Wednesday, May 22, 2013

Pipevine Swallowtail Eggs

For the first time ever I have Pipevine Swallowtail eggs in my backyard!!!!!!!!! I have waited forever for this moment!!!!!!  I hope they like it here!!

The eggs are the rusty-gold blurry dots near the end of the Aristolochia Californica vine. They are generally laid in groups. Most butterflies lay their eggs one at a time, the the Pipevine Swallowtail lays its eggs in groups. 

Tuesday, May 21, 2013

Pipevine swallowtail

Below is a picture of a Pipevine Swallowtail. This butterfly was in my backyard in Berkeley, California yesterday. I have had pipevine, Aristolochia Californica, for more than ten years, but I have never seen the associated butterfly or any caterpillars on the plant. I am very excited about this long-awaited butterfly showing up in my backyard. I have heard that the wilder areas nearby are very dry because all of the rains were so early this year. As a consequence, the butterflies are visiting watered gardens to find lush hostplants. I have no way of testing this, but it seems like a plausible explanation. I am hoping that I find eggs soon.

Saturday, May 18, 2013


A bee was working the passion flowers in my front yard a few days ago. Looking at the pictures, it is easy to see how the anthers (with the yellow edges) are designed to deposit pollen on the back of the bee while it is busy collecting nectar. I think this honey bee is a bit small to get thoroughly coated coated with pollen. If you try breaking open a flower, you can find a circular tunnel filled with nectar. Passion flowers have copious nectar hidden away. No wonder this bee stuck around letting me take several photos.

Monday, May 13, 2013

Bilingual Nursery School in Venice, CA

 This passion vine was growing at the French/English preschool on the Venice Home and Garden Tour. I saw a Gulf Fritillary, but I didn't manage to get a picture of it. Oh well.
 Clearly, the kids are studying butterflies, although this poster depicts exotic butterflies, not locak ones. I wonder if they are raising butterflies in the classroom. I couldn't find anyone associated with the school, or I would have suggested it. 
The school was made up of three cute little bungalows and a large schoolyard with trees and plants. Look like the perfect place for children. I think I want to go back to nursery school!

Sunday, May 12, 2013

Color Contrast

I think this was my favorite room on the Venice Home and Garden Tour. I love the orange kitchen with the maroon leaves outside. Sorry I couldn't get the guys out of the picture. It was another very crowded and tiny house and they were deep in conversation. I didn't want to be rude, so I just snapped a photo.  I'm not sure this really has anything to do with butterflies or insects. But Western Swallowtails do lay their eggs on plum trees, and I think that is a plum with dark leaves outside the window. So this amazing design statement could be part of a butterfly garden. Whoo-hoo!

Friday, May 10, 2013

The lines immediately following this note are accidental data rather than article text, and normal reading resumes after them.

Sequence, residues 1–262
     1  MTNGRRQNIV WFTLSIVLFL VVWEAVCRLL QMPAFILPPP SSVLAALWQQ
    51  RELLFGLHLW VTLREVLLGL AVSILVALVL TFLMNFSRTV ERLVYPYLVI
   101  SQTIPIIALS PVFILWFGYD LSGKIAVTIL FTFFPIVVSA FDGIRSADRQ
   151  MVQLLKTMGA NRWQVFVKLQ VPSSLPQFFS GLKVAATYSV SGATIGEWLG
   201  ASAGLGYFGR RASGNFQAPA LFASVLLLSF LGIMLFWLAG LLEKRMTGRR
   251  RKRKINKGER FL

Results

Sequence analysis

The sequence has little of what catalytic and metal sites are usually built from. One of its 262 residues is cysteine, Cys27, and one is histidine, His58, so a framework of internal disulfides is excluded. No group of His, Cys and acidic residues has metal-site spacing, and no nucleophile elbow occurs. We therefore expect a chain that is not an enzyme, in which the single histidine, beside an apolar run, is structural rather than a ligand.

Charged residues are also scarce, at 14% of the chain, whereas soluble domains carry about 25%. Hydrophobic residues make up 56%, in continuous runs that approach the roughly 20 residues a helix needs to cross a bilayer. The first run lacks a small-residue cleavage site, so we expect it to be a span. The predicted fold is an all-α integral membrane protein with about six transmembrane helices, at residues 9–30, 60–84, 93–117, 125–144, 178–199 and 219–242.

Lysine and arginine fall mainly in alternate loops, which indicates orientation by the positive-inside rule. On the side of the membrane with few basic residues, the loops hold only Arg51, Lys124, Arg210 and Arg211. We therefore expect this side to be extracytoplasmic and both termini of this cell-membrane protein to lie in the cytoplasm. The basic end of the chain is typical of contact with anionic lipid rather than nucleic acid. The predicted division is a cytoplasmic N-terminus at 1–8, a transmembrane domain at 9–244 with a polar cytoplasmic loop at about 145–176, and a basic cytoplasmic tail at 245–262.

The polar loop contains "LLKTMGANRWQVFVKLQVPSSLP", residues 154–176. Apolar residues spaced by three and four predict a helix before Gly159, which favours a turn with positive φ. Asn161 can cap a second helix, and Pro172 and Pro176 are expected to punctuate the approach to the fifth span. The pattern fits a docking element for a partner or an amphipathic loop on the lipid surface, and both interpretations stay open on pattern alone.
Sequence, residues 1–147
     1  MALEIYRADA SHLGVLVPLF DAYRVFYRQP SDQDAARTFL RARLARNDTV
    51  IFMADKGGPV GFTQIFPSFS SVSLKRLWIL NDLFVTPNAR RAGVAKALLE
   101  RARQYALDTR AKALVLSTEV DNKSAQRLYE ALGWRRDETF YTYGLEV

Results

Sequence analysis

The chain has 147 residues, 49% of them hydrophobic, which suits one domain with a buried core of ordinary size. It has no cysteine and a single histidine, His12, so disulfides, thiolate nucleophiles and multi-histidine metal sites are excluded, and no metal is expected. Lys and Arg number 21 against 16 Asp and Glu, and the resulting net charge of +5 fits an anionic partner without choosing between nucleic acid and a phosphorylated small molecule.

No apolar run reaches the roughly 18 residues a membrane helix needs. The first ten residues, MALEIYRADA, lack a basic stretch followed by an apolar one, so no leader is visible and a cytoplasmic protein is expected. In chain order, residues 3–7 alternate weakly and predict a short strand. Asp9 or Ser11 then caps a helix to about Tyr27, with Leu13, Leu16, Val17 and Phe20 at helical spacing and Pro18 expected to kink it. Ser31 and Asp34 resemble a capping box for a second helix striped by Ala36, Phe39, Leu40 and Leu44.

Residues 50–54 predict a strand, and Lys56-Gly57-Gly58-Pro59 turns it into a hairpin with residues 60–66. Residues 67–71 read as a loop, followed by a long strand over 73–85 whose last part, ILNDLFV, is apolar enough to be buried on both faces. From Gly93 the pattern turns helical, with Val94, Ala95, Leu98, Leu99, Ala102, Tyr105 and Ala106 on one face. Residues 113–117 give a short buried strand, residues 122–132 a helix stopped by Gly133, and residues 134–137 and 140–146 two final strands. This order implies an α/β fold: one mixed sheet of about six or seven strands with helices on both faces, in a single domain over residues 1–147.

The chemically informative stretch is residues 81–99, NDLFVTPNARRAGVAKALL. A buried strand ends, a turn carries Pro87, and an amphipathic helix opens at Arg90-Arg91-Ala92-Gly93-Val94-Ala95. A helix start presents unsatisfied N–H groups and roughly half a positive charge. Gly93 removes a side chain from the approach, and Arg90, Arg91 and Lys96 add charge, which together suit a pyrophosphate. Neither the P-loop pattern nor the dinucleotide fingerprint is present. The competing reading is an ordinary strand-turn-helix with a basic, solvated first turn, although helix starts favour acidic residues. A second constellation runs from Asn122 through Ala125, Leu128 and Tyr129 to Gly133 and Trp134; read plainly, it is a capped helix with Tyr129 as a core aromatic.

These bronze ants are embedded in the concrete sidewalk outside the sculpture garden mentioned in my last post. They were also in a walk way at a home on the Tour. I think they are a marvelous and subtle addition to the streetscape. Most people didn't even notice. But I am not most people. ;-)

Thursday, May 9, 2013


One of my favorite spots on the Venice Garden and Home Tour was number 21, an outdoor gallery. Nestled in nearly every corner and in the cracks fo the grass stairs was pellitory. When I pointed it out to the artist, she couldn't believe that I was excited about a weed. But when I told her that it is a host plant for Red Admirals, she got excited, too! Everybody loves butterflies.

Wednesday, May 8, 2013

Funny Front Yard

On Saturday I attended the Venice Home and Garden Tour in Southern California. Some of it was was redundant. I think almost every home had a patio made of big flat stones with small stone or plants in between them. It was nice. But not new.

However, one of the first houses I looked at had a very unusual front yard with weedy grasses being the main plants. I think it was oats and rye. Great start to a butterfly garden! I told the homeowner that skippers like the lay their eggs on grasses. He said he like the grass idea, but that the grasses were dying back. I suggested Ehrharta as a great alternative. It is very green and grows all year long

Some people may think that suggesting a weed is a bad idea. But skippers love Ehrharta! It is a great host plant! Easy, low maintenance. The perfect grass for shady places. 


Tuesday, May 7, 2013

Tabebuia heterophylla--Pink Flowering Trumpet Tree

I visted Decanso Gardens in Pasadena on Sunday. It was a wonderful place from start to finish. Before the car was even parked in the lot, these big trees covered in pink flowers bowled me over. The flowers look a bit like those of Catalpa, and indeed, this tree, Tabebuia, is in the same family, Bignoniaceae. When I walked up to one of the trees to get a closer look, I found a bee sleeping in a flower. The day was rather overcast and drizzly. I wonder if the bee ever woke up.

The  tree is native to Central and South America. It does well in Southern California, judging by this specimen. But I have never seen one in the Bay Area, so I guess it is too cold here.

Thursday, May 2, 2013

Battus philenor ova

Pipevine Swallowtails are laying eggs again. Here a couple of rusty gold eggs are visible where the leaf joins the stem. Unlike most butterflies, Pipevine Swallowtails lay their eggs in groups. The eggs are laid near the growing tip of the vine, and the larvae like to eat the young leaves. Before I knew better, I fed the first instar caterpillars older leaves, and they all died. So sad!

Sorry about the lousy picture. I need a better camera.